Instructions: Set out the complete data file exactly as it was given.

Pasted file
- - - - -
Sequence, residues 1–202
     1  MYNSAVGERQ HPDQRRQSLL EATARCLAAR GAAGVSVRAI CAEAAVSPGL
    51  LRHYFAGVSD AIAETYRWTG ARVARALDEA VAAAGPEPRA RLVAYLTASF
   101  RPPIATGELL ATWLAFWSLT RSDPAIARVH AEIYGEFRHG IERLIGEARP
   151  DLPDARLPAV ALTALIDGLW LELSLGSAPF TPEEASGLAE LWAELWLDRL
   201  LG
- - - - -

Sequence, residues 1–202
     1  MYNSAVGERQ HPDQRRQSLL EATARCLAAR GAAGVSVRAI CAEAAVSPGL
    51  LRHYFAGVSD AIAETYRWTG ARVARALDEA VAAAGPEPRA RLVAYLTASF
   101  RPPIATGELL ATWLAFWSLT RSDPAIARVH AEIYGEFRHG IERLIGEARP
   151  DLPDARLPAV ALTALIDGLW LELSLGSAPF TPEEASGLAE LWAELWLDRL
   201  LG